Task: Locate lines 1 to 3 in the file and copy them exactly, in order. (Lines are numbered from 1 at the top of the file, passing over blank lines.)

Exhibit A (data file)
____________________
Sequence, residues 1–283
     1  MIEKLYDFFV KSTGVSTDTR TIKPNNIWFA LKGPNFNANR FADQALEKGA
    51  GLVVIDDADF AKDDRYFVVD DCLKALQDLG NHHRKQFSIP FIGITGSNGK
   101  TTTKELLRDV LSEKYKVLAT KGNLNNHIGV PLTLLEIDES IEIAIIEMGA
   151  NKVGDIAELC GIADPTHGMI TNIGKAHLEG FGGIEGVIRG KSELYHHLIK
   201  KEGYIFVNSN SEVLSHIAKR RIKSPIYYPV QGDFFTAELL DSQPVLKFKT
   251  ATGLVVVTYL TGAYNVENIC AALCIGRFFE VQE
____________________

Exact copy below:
Sequence, residues 1–283
     1  MIEKLYDFFV KSTGVSTDTR TIKPNNIWFA LKGPNFNANR FADQALEKGA
    51  GLVVIDDADF AKDDRYFVVD DCLKALQDLG NHHRKQFSIP FIGITGSNGK